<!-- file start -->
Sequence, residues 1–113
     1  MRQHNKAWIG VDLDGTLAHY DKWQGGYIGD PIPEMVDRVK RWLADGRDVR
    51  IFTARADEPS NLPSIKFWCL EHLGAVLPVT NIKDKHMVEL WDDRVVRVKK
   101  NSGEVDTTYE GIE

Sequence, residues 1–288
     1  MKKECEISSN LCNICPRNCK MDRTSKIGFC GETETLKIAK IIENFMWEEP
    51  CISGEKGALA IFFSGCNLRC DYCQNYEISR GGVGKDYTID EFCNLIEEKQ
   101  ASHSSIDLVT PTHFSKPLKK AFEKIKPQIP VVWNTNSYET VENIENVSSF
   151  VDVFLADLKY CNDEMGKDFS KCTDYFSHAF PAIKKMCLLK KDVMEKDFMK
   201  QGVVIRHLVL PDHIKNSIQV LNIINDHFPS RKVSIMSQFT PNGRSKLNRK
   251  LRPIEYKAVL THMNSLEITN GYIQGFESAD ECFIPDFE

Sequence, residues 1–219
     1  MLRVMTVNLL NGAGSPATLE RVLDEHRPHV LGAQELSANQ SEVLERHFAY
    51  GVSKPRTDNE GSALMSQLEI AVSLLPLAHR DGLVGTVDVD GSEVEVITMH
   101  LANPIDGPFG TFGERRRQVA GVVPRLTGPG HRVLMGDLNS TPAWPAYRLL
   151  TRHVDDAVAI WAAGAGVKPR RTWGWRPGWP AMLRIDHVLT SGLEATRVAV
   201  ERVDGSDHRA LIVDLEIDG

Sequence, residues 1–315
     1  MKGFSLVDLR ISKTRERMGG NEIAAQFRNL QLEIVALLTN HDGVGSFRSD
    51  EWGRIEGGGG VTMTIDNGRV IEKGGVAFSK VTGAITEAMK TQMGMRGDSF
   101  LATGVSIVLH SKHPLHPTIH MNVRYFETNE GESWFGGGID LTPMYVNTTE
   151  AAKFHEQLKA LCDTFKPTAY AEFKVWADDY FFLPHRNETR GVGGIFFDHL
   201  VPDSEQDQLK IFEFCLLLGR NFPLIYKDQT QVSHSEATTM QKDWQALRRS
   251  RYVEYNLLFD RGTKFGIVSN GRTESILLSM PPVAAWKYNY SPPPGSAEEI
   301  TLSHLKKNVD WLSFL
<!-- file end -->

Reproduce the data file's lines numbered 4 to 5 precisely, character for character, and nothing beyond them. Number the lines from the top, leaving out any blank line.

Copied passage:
   101  NSGEVDTTYE GIE

Sequence, residues 1–288